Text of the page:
Essendon are refuting an allegation that the AFL warned coach James Hird against looking into the use of peptides.
The Bombers have also denied that Hird was the main architect of the club's controversial 2012 supplements program.
That program is under investigations by the Australian Sports Anti-Doping Authority (ASADA) and the AFL.
The league hopes that ASADA will hand down its findings next month.
The Age reported on Wednesday that the AFL warned Hird in late 2011 against involving Essendon players in a peptides program.
"This is factually incorrect. Until the ASADA investigation is completed the full context of this particular meeting should not be the subject of innuendo," the club said in a statement.
Essendon also insisted that Hird had not been the main figure behind the supplements program.
"This is just factually wrong," the Bombers said.
They added that the club's suspended high performance coach Dean Robinson, not Hird, was responsible for sports scientist Stephen Dank coming to the club.
Dank supervised the supplements program last year and is no longer at Essendon.
He is a central figure in the ASADA and AFL investigations.
The Bombers are also angry that investigation details had been leaked to the media.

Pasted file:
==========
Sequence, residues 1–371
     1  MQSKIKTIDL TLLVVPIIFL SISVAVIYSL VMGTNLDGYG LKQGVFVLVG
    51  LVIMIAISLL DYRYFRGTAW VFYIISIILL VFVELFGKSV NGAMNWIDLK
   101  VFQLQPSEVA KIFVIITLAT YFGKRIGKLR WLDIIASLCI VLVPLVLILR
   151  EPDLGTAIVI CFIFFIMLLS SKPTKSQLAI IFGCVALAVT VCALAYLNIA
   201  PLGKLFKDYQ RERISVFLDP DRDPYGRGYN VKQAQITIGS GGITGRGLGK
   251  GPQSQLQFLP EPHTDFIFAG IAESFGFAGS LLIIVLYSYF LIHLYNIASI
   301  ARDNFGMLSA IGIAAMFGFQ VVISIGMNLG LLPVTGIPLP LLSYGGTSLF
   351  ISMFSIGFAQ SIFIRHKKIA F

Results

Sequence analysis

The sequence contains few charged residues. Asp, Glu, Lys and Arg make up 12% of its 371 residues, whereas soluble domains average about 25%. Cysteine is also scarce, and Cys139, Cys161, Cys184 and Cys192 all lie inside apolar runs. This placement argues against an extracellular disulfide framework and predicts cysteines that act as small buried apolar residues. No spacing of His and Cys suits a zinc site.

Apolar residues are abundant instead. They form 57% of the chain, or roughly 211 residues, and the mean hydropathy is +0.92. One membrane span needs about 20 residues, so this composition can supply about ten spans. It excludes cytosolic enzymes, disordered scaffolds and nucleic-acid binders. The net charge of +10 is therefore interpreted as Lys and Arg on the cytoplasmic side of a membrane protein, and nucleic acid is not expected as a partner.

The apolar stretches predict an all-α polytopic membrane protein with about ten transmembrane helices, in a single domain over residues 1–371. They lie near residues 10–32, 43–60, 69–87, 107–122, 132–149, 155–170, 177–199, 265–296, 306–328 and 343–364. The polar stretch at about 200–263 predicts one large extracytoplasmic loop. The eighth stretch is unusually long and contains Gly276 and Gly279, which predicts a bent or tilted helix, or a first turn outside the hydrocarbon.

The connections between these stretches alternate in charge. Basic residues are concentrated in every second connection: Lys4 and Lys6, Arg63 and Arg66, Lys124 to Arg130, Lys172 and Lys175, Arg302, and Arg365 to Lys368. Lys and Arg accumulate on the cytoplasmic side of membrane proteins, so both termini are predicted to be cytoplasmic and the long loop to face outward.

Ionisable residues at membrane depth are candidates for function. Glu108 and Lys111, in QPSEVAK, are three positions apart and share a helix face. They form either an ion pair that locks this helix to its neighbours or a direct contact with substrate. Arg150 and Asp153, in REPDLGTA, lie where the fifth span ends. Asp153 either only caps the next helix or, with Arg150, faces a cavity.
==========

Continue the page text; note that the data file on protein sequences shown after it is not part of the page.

"Representatives from the club have requested all parties to the investigation to guarantee confidentiality and to afford natural justice," they said.
"Breaching this confidentiality directly undermines the trust in the process and selective disclosure of information relating to the investigation appears to be deliberately threatening the integrity of this process.
"For the reputation and integrity of senior coach James Hird to be questioned without the right to due process, is extremely disturbing and inappropriate in the circumstances."
But the news has not been all bad for Essendon.
According to Fox Footy's AFL360 program, there is growing uncertainty about the classification of a drug at the heart of the investigation.
ASADA allegedly provided advice last year that AOD-9604, which Essendon captain Jobe Watson has admitted to taking, was not prohibited.